To examine which types of species are experiencing regional distribution changes (defined by the presence in grid cells of 5 × 5 km), we first calculated for each species within each province a metric of distribution change using the Frescalo algorithm11 (Supplementary Data 1). Frescalo uses a combination of geographic proximity and overall floristic similarity within local neighbourhoods to determine spatial variation in observer effort. This is used together with observed occurrences of common benchmark species to estimate the probability of occurrence of each species within each focal grid cell at each time period. These probabilities are used to calculate estimates of relative frequency for each species, which are then compared across time periods to calculate a metric of distribution change. This approach is recommended for data—like ours—that have been collected across discrete time periods and with an unknown observer effort12. We then regressed distribution change metrics for each species in each province against species traits regarding climatic and habitat associations using a linear mixed model. Grassland and forest specialisation were defined as the proportion (scale 0–10) of each species’ national population that are found within these broad habitat types13. For climate associations, species mean temperature index describes the mean temperature value of recorded occurrences across their range in Sweden, based on the climate conditions at the time and location of 7.3 million observations from provincial floras published since 1975 across the country10. Larger values indicate warmer, more southerly distributions and lower values cooler, northerly distributions. Species temperature range index is the difference between the warmest and coolest areas of the Swedish range, with higher values indicating more climatically widespread species. Our model showed that species with relatively warmer climate associations were more likely to expand their regional distributions, while grassland specialist species are more likely to have declined (Fig. 2a, b, Supplementary Data 2). Climatically widespread species also showed relatively positive distribution trends, although increases were less strong in more forest-specialised species, as evidenced by a significant negative interaction term (Fig. 2c). These results reflect the overall trends of the environmental changes that have occurred in Sweden and elsewhere9,14,15, and extend the observation of local-scale extirpation of grassland species14,16 to an overall decline in their broad-scale regional distributions. Although many species are declining (negative distribution trends), forest species are more likely to have increased their ranges. However, the negative interaction with climatic distribution size indicates that widespread forest species of early secondary successional habitats are more likely to have benefitted from recent environmental change, rather than species that are specialised to mature forest conditions17.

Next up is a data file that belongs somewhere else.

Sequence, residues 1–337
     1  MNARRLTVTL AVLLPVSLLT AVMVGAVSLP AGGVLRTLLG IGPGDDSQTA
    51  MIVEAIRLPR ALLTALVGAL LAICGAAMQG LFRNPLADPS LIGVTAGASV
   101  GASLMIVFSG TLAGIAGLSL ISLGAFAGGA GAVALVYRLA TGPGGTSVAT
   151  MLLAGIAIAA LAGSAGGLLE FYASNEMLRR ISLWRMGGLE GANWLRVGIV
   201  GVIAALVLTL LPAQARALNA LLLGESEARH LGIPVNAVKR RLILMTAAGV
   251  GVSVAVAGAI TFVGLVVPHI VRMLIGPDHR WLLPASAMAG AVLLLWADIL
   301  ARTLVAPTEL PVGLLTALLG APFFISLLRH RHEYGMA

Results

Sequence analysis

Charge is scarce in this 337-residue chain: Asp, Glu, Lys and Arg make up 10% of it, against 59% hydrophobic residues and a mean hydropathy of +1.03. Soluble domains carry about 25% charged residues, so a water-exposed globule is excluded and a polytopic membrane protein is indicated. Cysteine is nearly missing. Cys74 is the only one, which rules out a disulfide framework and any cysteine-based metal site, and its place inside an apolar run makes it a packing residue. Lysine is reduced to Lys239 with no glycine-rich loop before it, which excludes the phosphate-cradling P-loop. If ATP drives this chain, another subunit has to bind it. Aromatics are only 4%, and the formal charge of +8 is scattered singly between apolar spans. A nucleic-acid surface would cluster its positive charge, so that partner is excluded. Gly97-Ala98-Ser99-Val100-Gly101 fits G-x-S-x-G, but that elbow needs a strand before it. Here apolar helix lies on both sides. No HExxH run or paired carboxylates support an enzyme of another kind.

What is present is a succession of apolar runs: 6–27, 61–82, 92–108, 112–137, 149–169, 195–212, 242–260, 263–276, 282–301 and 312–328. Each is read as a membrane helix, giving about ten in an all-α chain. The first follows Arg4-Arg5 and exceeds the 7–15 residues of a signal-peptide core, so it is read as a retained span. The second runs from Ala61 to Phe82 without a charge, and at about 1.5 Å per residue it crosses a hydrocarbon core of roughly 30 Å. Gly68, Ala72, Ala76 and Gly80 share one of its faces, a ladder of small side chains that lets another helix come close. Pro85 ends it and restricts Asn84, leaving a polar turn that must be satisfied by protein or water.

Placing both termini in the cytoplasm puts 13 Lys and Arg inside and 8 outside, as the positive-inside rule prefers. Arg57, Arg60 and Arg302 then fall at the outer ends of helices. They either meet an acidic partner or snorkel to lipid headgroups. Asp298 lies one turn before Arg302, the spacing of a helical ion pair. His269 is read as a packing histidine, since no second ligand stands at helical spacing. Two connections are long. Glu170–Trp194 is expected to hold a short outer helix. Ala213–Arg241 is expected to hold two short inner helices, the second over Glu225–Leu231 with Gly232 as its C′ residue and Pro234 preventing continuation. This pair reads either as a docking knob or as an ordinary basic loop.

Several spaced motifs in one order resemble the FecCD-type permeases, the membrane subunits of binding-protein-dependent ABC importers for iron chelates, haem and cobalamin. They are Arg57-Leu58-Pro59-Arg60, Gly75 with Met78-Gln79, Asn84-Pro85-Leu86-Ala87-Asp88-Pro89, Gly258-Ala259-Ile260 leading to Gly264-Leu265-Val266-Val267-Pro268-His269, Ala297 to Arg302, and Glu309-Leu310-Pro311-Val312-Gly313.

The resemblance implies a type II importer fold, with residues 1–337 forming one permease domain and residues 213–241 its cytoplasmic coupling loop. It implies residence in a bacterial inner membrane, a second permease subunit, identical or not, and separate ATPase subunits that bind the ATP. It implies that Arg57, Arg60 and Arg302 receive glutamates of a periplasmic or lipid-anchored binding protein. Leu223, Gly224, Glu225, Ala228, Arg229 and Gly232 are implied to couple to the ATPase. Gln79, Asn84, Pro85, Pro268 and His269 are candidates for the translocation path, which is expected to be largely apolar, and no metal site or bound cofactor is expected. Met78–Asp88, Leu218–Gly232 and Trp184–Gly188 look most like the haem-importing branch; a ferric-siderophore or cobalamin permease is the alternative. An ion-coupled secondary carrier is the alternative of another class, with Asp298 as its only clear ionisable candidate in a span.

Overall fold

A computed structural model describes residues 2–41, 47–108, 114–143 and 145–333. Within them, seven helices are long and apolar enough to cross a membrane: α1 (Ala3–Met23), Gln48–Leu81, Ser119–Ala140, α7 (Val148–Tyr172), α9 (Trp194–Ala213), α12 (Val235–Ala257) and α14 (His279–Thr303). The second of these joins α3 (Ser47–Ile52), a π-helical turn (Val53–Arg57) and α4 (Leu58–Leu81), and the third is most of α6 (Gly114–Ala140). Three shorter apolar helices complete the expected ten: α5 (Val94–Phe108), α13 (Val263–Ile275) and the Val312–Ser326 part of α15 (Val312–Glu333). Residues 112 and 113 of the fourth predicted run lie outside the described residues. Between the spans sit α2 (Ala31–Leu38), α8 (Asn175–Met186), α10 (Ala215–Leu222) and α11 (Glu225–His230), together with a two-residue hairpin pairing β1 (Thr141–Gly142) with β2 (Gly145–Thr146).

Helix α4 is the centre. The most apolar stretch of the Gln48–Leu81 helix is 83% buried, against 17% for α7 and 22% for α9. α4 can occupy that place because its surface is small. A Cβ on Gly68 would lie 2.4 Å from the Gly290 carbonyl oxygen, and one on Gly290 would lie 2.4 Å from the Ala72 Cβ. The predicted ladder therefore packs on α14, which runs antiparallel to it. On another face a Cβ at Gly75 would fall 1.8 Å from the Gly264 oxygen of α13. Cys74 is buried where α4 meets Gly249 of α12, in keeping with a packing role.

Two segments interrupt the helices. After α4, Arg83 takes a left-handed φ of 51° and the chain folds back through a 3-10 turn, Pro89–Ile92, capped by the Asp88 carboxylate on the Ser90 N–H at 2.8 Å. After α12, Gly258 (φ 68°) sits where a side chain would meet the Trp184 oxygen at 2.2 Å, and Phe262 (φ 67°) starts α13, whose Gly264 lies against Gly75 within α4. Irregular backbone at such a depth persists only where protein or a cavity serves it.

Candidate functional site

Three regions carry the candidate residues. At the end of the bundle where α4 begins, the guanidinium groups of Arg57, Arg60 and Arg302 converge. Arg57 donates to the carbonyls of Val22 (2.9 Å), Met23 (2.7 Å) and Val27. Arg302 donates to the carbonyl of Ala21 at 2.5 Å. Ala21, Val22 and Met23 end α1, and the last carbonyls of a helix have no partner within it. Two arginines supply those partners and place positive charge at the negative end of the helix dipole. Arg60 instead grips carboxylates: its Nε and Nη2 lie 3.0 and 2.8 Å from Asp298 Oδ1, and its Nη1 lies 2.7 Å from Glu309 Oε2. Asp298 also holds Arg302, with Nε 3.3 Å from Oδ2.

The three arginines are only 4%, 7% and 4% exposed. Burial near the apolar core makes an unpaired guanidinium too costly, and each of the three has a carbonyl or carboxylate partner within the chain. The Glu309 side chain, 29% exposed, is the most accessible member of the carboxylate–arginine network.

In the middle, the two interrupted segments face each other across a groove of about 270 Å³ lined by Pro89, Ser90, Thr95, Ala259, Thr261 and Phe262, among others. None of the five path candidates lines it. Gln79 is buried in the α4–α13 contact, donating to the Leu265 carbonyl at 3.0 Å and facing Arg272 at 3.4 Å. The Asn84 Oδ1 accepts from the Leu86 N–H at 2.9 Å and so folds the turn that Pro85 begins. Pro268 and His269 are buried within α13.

Shifts in climatic space
To assess the direction of regional distribution gains and losses in terms of climatic ranges, a second set of analyses compared how species’ regional distribution changes from the historical to the modern period have resulted in shifts in the climate space that they occupy. As the climate warms, species are expected to follow their climatic niches, shifting their ranges to higher latitudes18,19. However, because our regions are not contiguous in space to the extent that latitudinal shifts can be calculated, we use a climatic space approach. Here, we used records from a subset of well-recorded cells, defined as those that contain observations of at least 10% of the province’s observed species and at least 25% of the species found in the eight adjacent grid cells. Such an approach has previously been used to ensure as far as possible that observed absences are equivalent to true absences when estimating climate-driven range shifts20,21. We estimated shifts in climatic space in two ways (Supplementary Data 3). First, grid cells were assigned values for average mean temperature during the 1961–1990 reference period, and the temperature across occupied grid cells was calculated for each species for both the historical and modern time period. Average temperature values from the historically-occupied grid cells were then subtracted from temperature values from the modern occupied grid cells, which resulted in an estimation of geographic shifts across a spatial temperature gradient. That is, the warming-driven expansion of a species that is following its climatic niche to higher latitudes would result in a shift to grid cells that have a lower (cooler) reference period temperature. For our second approach, the average temperature across occupied grid cells in the historical period were calculated for each species according to historical temperatures (1961–1970), while the average temperature across occupied grid cells in the modern period were calculated according to modern temperatures (2001–2010). In this case, by subtracting the historical values from the modern values, we calculated shift in climate experienced by a species across its range over time. As such, a species retaining exactly the same range (in terms of occupied grid cells) would simply experience a shift in climate space equal to the average change in temperature that has occurred in those grid cells.